What’s in a Name?
Relationships matter more than names
by Brian Radcliffe
Suitable for Whole School (Sec)
To explore our understanding of our identity (SEAL theme: Self-awareness).
Preparation and materials
You will need a leader and two readers.
Note: please be particularly aware of students who are part of a foster or adoptive family and adapt the content of the assembly to suit the audience.
Leader: Our surnames say a lot about us.
Reader 1: On the one hand, a surname can tell us which part of the UK our family hails from. For example, if our surname has the prefix ‘Mc’ or ‘Mac’, our family originally came from Scotland. If our surname begins with ‘O’’, our origins are probably in Ireland, and the Joneses, Williamses and Hugheses originally come from Wales.
Reader 2: For many of us, our family name speaks of where in the world our family origins lie. If we look carefully, we will find that we have family names from Africa, Asia, the Middle East, mainland Europe and the Americas within our school community.
Leader: Unfortunately, sometimes, these regional names can evoke all kinds of presuppositions and even prejudices. A century ago, in July 1917, this became a major issue for the British royal family. The monarch at the time, George V, had the family name Saxe-Coburg-Gotha. This came from his grandfather, Prince Albert, who was German and had been Queen Victoria’s husband. Queen Victoria herself also came from a German background. Her family name was Hanover, the name of a German city. Yet no one would have claimed that George V himself was anything but a very British gentleman.
In July 1917, Britain was still at war with Germany. The war had already lasted for three long years and showed no sign of ending. The German air force had, in 1916, developed a heavy bomber called the Gotha G.IV. This was used for long-distance bombing raids on south-east England, particularly London. The success of these planes, superseding the slower, more vulnerable Zeppelin airships, caused panic among the population. The name ‘Gotha’ became a byword for German destruction and an embarrassment to the royal family.
The king decided that something had to be done to counter the effect of this anti-German feeling and his link with the bomber’s name, so he issued a decree. In it, he rejected all of his German connections and changed the name of the royal family from Saxe-Coburg-Gotha to Windsor, a name that evoked totally English connotations. That is why, three generations on, we have Elizabeth II of the royal house of Windsor. Her family origins haven’t changed. She still has German heritage. She cannot ever alter who her predecessors were, but her name is different from royals of earlier generations.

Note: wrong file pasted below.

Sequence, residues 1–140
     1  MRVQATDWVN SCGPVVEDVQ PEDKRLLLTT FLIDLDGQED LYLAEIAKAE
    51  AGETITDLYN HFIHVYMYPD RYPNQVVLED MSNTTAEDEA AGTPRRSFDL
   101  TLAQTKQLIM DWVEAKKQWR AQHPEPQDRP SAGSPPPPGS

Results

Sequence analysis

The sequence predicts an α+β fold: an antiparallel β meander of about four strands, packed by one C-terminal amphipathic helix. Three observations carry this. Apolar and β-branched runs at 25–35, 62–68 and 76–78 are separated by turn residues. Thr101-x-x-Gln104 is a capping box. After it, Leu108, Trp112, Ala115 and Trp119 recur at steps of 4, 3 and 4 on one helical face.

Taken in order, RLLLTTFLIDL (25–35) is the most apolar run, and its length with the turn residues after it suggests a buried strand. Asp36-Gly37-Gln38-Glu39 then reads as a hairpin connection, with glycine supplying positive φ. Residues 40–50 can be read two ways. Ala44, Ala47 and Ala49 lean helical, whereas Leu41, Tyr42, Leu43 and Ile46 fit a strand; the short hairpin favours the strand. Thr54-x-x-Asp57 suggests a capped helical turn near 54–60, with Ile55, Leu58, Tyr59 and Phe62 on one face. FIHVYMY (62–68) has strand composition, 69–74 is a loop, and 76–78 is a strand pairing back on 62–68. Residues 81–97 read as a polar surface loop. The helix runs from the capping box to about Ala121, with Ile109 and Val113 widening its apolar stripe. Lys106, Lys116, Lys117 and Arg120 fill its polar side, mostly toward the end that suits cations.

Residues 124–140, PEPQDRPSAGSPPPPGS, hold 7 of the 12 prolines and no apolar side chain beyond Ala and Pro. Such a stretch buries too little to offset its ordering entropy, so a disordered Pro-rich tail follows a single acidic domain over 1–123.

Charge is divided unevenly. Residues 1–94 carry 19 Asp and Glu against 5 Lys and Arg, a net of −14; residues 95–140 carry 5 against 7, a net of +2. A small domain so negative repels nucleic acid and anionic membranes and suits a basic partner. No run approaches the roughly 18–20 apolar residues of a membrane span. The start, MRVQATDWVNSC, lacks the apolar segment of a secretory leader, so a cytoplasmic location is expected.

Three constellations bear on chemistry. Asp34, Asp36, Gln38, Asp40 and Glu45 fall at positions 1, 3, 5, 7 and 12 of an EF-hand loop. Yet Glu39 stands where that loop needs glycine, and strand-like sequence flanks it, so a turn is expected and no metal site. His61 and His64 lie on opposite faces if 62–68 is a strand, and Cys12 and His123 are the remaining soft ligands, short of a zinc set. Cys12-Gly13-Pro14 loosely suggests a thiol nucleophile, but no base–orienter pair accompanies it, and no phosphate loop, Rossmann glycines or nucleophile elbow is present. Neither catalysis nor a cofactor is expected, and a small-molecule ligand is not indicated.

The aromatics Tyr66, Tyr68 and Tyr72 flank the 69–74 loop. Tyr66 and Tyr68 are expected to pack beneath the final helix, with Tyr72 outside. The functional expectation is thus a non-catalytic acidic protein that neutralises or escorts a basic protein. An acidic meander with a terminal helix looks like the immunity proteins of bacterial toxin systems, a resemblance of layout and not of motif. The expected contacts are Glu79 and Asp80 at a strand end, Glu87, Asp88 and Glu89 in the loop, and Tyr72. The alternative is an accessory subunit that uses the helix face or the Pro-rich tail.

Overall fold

Time for reflection
Leader: To what extent do names influence your life?
Reader 1: People can react strongly to a name. Sometimes, this can draw people together, identifying religious, racial or social kinship. This happens particularly when we feel that we are in a minority or are newcomers to a community. So, there are groups of British people who - despite living abroad in France and Spain, for example - actually live in close proximity to each other in their own small communities. Likewise, there are many groups of people who, despite living in the UK, enjoy living with people from their own cultures and backgrounds. Names are a sign that we share parts of our heritage, a shortcut to building a relationship.
Reader 2: However, people’s reactions can be negative at times. Names can lead to preconceived ideas about a person’s beliefs and values, and can unfortunately lead to suspicion and prejudice.
Leader: Names can also give us something to be proud of, though. History matters. In our personalities, we carry the culture, religion, values and traditions passed on through many generations of our family. We carry memories, stories and relationships from the past. There are those who would suggest that this is true at a deep level even with those who are separate from their birth mother or father. And, of course, in our genes, we carry the physical characteristics of the generations who lived before us. As the saying goes, ‘We are who we are because they were who they were.’ This carries on even when a name change occurs, for example, after a marriage. In fact, increasingly, married couples are adopting the practice of using both the husband’s and the wife’s family names to identify with the heritage of both.
So, how can we respond to the name by which we are known? We may wish to explore our family histories, or we may wish to forget them! We may feel proud of our families and of our past, or we may feel let down or disappointed. However, what really matters is the name that we make for ourselves. We can follow the good traditions and examples of our families, or we can decide to move forward without making the mistakes that we have seen our families make. We can open ourselves up to make relationships with people who have different-sounding names or are from different cultures. As we do so, we will discover that friendships and similar values are to be found in surprising places.
Thank you for the lives of the generations who lived before us.
Thank you for good examples as to how to live our lives.
Please help us to be open to friendships and relationships with people whose cultures may be different from our own.
Please keep us from prejudice and help us to live in peace.
‘We are family’ by Sister Sledge